14. June 2011 21:12
Some final thoughts on the NBA Championship round as we wrap up the 2010-11 season...
I've been reading as many postmortems online as I could since the Dallas Mavericks won the title Tuesday night in Miami. Didn't want our wrap-up report to just repeat what everyone else was saying. Didn't want to join in the psychoanalysis of LeBron James either. I realized I hadn't seen a rundown yet of the plus/minus data for the NBA Finals posted in a prominent place. That sounded like a good way to summarize the series with something nobody was talking about yet.
Let's start with the champs.
Dallas Plus/Minus (Team +14)
Jason Kidd ended up passing Dirk in the sixth game because the big German shot so poorly most of the night. The bulk of the series was Dallas falling behind when Dirk rested...then rallying when he was back in the game. Tuesday, he struggled, and the rest of the team rallied to the cause. Nowitzki and Terry got a lot of press for their clutch scoring. Interesting that J-Kidd comes through with the best plus-minus for the six games in total.
Of course, that was keyed by the extreme finale. I'm always encouraging people to use medians rather than averages. Let me run those for select guys who played a lot of minutes...
Select Dallas Medians: Nowitzki +9.5, Kidd +8.5, Chandler +4, Terry +1, Marion 0, Stevenson -6, Barea -6.5.
Nowitzki moves back to the top. J-Kidd is right behind him. Terry had big games and quiet games, so his median is just above zero. Solid influence from Chandler. Can't say he was overlooked in the series because a lot of late coverage talked about his defensive impact and his leadership in the locker room. Think everyone (me too) could have done a better job of showcasing what he was doing on the floor as he was doing it.
J.J. Barea really jumps out here as a surpisingly bad negative. Now, he was definitely wreaking havoc on Miami during stretches where things were going well for the Mavs. But, he was also a bit of an albatross when his shots weren't falling. Rick Carlisle made a great counter-intuitive maneuver when he moved Barea to the starting lineup. That changed the defensive matchups around, and actually helped hide Barea's negatives more effectively.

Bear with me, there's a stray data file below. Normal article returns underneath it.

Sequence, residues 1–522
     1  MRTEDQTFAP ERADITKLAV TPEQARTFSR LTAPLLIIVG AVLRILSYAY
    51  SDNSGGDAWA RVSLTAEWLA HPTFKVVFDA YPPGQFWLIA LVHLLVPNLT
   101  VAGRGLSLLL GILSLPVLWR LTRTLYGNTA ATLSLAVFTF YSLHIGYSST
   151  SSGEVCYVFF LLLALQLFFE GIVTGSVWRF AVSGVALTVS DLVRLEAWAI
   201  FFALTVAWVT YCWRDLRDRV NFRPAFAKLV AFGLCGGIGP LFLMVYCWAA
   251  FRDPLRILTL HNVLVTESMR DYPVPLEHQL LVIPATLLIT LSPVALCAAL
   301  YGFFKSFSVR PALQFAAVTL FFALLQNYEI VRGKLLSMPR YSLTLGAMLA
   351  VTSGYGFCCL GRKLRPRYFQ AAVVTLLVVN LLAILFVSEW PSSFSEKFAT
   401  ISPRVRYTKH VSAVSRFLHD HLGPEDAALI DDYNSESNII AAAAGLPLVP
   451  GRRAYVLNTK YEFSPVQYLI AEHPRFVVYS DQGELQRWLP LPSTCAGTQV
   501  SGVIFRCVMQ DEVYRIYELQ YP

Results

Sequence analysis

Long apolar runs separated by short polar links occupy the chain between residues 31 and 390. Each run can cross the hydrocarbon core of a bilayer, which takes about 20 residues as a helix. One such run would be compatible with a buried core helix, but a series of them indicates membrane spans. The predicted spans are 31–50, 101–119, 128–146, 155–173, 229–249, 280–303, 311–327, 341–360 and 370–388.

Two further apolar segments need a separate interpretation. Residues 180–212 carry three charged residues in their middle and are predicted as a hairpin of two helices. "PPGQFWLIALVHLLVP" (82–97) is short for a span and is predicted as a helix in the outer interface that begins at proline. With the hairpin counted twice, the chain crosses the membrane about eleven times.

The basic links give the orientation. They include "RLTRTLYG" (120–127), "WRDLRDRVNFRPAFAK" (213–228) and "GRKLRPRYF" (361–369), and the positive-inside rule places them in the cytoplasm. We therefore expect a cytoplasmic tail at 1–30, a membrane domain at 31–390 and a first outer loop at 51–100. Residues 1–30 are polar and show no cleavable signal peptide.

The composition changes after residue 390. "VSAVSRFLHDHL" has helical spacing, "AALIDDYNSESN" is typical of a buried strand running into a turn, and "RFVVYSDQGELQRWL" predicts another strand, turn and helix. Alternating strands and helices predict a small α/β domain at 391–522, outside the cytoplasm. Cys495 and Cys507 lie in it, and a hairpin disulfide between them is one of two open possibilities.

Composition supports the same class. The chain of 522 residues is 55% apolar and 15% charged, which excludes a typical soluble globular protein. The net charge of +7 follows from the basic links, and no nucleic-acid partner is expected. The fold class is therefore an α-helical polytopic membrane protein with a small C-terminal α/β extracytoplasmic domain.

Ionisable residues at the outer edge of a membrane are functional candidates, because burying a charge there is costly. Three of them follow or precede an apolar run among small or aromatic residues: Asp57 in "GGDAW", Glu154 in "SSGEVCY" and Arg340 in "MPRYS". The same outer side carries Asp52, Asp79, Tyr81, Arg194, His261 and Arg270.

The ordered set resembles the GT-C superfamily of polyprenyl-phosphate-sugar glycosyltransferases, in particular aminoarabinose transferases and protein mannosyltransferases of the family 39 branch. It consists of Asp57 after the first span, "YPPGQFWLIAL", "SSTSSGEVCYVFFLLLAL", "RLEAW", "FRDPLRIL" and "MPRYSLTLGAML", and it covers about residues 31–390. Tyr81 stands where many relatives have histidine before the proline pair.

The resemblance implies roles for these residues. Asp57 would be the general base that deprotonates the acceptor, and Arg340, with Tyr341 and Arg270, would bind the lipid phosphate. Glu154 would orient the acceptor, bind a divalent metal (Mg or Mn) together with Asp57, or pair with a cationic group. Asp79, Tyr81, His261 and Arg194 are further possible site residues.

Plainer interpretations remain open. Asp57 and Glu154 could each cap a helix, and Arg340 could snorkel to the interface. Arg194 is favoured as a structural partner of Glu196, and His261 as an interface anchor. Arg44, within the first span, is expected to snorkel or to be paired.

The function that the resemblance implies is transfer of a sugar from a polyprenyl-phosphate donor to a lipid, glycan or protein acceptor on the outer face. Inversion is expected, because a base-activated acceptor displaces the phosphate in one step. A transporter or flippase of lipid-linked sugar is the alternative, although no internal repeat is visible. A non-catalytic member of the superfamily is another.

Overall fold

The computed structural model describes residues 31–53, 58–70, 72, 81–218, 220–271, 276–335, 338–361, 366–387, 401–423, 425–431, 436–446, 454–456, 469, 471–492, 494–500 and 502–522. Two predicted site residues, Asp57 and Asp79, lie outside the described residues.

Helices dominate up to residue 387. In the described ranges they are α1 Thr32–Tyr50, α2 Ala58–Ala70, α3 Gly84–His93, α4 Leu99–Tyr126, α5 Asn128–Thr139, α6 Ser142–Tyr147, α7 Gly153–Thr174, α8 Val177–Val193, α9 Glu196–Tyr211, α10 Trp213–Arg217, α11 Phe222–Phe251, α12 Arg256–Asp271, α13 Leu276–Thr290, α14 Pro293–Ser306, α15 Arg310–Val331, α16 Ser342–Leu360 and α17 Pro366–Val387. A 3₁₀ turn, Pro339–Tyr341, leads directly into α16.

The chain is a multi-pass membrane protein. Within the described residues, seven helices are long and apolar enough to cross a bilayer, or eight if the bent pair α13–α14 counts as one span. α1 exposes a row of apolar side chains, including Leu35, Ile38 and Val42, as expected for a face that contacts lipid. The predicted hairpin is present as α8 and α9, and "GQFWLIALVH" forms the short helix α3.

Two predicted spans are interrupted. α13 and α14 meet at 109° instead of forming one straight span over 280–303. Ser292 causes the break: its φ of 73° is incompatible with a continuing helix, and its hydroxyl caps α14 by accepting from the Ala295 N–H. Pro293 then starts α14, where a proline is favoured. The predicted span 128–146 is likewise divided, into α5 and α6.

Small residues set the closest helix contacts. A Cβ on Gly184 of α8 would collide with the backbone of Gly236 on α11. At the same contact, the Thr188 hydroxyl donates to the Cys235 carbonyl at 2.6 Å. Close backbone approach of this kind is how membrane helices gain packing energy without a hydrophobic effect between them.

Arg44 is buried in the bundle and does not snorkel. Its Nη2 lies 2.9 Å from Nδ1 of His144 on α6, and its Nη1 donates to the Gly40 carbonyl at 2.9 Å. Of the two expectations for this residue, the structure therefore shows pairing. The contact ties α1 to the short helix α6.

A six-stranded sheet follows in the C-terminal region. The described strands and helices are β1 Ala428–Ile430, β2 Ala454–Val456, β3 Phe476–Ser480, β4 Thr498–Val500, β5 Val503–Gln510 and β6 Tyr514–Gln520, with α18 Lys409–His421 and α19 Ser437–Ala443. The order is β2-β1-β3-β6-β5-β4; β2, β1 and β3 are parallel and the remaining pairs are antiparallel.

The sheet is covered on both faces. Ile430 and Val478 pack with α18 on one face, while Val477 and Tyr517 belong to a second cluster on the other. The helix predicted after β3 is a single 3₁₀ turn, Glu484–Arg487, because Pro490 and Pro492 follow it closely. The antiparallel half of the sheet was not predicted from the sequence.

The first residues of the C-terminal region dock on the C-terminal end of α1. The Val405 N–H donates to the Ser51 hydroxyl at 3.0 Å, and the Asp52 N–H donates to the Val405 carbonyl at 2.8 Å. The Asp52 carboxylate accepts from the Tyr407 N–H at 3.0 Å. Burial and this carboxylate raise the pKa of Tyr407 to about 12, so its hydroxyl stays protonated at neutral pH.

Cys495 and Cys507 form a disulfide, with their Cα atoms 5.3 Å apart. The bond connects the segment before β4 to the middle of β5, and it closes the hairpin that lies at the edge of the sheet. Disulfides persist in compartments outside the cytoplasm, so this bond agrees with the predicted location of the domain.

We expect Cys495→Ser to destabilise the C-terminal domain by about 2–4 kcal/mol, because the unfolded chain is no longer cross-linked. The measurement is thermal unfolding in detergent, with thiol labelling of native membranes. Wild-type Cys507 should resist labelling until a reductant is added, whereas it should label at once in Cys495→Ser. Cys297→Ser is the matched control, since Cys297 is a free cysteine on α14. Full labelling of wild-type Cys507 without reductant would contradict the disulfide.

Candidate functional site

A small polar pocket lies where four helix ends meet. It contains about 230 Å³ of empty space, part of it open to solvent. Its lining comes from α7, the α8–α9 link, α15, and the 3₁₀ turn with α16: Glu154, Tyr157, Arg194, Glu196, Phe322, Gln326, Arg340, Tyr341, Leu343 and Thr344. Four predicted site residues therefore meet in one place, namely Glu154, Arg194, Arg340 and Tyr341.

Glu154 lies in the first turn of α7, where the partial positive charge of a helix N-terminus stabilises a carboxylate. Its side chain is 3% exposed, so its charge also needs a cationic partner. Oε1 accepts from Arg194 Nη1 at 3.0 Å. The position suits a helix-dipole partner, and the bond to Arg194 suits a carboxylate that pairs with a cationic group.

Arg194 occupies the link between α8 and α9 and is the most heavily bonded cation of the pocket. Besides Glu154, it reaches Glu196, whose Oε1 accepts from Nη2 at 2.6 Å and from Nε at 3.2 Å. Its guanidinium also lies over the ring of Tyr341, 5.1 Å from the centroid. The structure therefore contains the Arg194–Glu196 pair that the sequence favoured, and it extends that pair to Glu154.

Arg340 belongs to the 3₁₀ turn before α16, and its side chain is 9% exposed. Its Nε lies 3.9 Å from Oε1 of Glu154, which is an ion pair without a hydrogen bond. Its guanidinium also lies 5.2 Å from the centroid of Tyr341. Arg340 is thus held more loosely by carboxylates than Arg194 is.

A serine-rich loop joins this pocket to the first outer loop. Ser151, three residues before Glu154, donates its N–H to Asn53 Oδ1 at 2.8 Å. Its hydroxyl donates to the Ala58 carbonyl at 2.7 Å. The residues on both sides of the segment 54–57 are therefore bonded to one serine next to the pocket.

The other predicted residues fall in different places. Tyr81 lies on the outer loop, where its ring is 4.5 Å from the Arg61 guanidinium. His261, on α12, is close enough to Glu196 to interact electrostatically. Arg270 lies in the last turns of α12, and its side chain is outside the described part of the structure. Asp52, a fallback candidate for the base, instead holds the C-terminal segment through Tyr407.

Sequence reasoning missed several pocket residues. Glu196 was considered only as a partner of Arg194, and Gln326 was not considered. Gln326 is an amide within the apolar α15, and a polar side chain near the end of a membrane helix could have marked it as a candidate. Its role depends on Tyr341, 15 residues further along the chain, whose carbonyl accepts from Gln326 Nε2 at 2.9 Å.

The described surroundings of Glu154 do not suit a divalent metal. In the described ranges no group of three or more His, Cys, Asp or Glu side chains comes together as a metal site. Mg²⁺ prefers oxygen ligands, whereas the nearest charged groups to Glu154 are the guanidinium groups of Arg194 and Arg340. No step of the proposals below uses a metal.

There's been some talk since Tuesday about where Barea will end up next year. The perception is that he made himself a lot of money with his stellar playoffs. How stellar were they? He was a true danger against the slow-moving and unmotivated giraffe's of the Lakers (a +41 plus/minus in a series Dallas won by 56). Otherwise...
Plus/Minus from the Dallas perspective:
vs. Portland: -12 with Barea, +43 without him
vs. Oklahoma City: -29 with Barea, +49 without him
vs. Miami: -24 with Barea, +38 without him
There's undoubtedly some pollution in there because Barea is usually in when Dirk is resting. But, still...that's a fairly consistent negative sequence. And, Barea's weaknesses must shoulder some of the blame for why Dallas kept falling behind for most of the Miami series when Dirk was resting. Even with a coach who used him as creatively as possible, on a team that loves him, Barea was only a positive on-court force in spurts after the Lakers series.
Our eyes were drawn to Barea scooting around. Our eyes weren't as attracted to Chandler standing strong defensively in the paint. Dallas was +67 with Chandler vs. Oklahoma City and Miami, -33 without him. Glad I tabulated the plus/minus totals or that wouldn't have registered the way it should.
Let's do the Heat...
Miami Plus/Minus (Team -14)
Yes, that's LeBron at -36. The "let's psycho-analyze LeBron" rush was followed by an "everyone should stop trying top psycho-analyze LeBron" backlash. What we see above is a numerical representation of the mystery that inspired all the talk. He DID disappear. He DID stop playing defense with intensity and energy in the last two games. He DID handle the ball like a hot potato rather than playing with aggression when the season was on the line (-11 and -24 in those last two games account for the bulk of his -36).
It's clear if you go back and look at tapes of the games. It's clear if you total up plus/minuses.
The medians push Wade and Bosh into positive territory, but still leave James way off the pack.
Select Miami Medians: Chalmers +4, Haslem +2, Wade +1, Bosh +0.5, James -5.5
This is HoopData, so will leave the psychoanalytics to others. The numbers do tell an interesting story though, don't they?
That wraps up this series of articles that began way back in December. I want to personally thank all of you who have been reading and/or commenting along the way, as well as HoopData creator Joe Treutlein for allowing me a forum to think out loud with so many of the great basketball stats that are available here at the site. A very fun ride. If any of you would like to drop me a note to talk hoops through the summer, my email address is simply my name at gmail.com. Don't want to print it formally because the spam machines may invade from all directions. If you're thinking as you type "it's weird to have three f's in a row like that," then you've typed it in correctly. No space between the first and last name.
Thanks also to everyone who's linked to HoopData stat pages or articles throughout the season, or referenced shot location data from boxscores or season summaries. Joe has done amazing work in terms of getting that information into an easy to read and understand format. Great to see it becoming a big part of so many discussions.
Enjoy the summer!